Monday, March 30, 2009


No, I didn't spell that wrong. I meant SOLE food: Sustainable-Organic-Local-Ethical.

I have started really jumping into the green food movement. Joshua and I routinely shopped at the local food market and though we have been making a pull away from processed foods for awhile and try primarily to eat whole food sources, I was not making a large distinction as the origin of my food.

Across the street from our previous residence was an organic foods market that offered a really great selection of items both produce and packaged, but I did not capitalize on it since I was buying cheaper items at my local grocer. However, I picked up a book recently I bought for my pregnancy and was instantly compelled by the statistics it offered on the differences between conventional and organic foods. First, let me say that some conventional farmers utilize organic practices but have not invested for the organic conversion and as such these statistics are not hard and fast.

The buzz about eating food locally has even hit the White House, as this week the First Lady begun planting a 1,100 sq ft garden, to help her daughters learn about the importance of eating healthy, fresh and emphasizing locally grown produce.

Saturday, Joshua and I found a great new farmer's market that spring-boarded my research and understanding of SOLE food. I landed a copy of edible Chesapeake, a quarterly magazine that focuses on local food in its season. This concept in itself has been hitting me hard lately. I went to the grocery store last week and in my cart as I was checking out I noticed a couple of things: grapes, pineapple, watermelon, bananas and avocados. I suppose this would not be an issue if it were July and I lived in Central America, but as it stands, these items travelled a long way to end up in my cart Saturday afternoon. The imported grapes are definitely on the worst conventional foods list, aptly named the "Dirty Dozen" as they are the twelve most pesticide-harboring fruits and vegetables. When I visit my parents in Waikiki this October, I'll make sure to load up on tons of fresh pineapple and bananas, as they will be there in abundance and I know I can wait a couple of more months for fresh watermelon at my farmer's market. Avocados will definitely be put on my cereal when I get to Florida next month as my mother in law has recently sparked a new affinity for them. I need to start eating produce in its season.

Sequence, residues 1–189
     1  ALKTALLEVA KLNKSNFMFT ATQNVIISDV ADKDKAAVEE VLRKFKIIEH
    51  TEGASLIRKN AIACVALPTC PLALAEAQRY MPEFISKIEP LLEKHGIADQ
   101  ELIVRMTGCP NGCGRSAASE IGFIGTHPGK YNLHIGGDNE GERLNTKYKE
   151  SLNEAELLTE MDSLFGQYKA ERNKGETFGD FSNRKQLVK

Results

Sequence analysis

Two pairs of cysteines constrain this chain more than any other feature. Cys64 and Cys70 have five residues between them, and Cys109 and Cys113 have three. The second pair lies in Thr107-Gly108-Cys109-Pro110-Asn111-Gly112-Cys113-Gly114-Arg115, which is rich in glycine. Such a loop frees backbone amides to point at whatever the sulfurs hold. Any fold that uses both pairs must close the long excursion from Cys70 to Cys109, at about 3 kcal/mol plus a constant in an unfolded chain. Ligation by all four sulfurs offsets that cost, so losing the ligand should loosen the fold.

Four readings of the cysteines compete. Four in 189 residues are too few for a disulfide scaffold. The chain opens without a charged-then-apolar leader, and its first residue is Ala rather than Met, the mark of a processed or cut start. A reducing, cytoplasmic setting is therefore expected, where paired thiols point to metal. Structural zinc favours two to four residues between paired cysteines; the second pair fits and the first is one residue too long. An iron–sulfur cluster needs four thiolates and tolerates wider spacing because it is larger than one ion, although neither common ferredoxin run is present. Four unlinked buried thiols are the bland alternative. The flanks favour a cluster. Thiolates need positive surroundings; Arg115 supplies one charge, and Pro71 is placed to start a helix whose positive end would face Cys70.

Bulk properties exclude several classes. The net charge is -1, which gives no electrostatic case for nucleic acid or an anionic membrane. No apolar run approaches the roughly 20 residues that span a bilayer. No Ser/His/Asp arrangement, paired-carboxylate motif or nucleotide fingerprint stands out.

A girlfriend of mine recently also started me on the ethics of eating meat. I used to think PETA was just a little off-kilter ranting about (what I thought to be) isolated events of harm to animals. Research is pouring in about the wide scale effects of slaughterhouses and factory farms--its detriment to the environment, economy, our health and the welfare of the animals who are living there. An article was recently written on the Muslim butchering method called halal:
In order for meat (except pork, which Muslims don’t eat) to be halal, which
means lawful, a Muslim has to say a blessing, position the animal facing
toward Mecca, and slaughter it with a swift cut across the throat with a
very sharp steel knife. This centuries-old method of slaughter, similar in
many ways to kosher slaughter, is meant to incur the least pain possible
while allowing the carcass to be completely drained of blood... halal rules
include several provisions for minimizing the animal’s stress prior to
slaughter, including ensuring it has been normally fed and watered, and that
it is in good health, and prohibiting any animal from seeing another animal
being slaughtered. And if they have traveled, they are required to be well
rested—at least overnight—before slaughter, according to Egyptian-born Omar
Wali, owner of American Halal Meat in Springfield, Virginia.

Reading these articles really makes me reconsider some of my food choices and
makes me want to take a more conscious approach toward how I consume.

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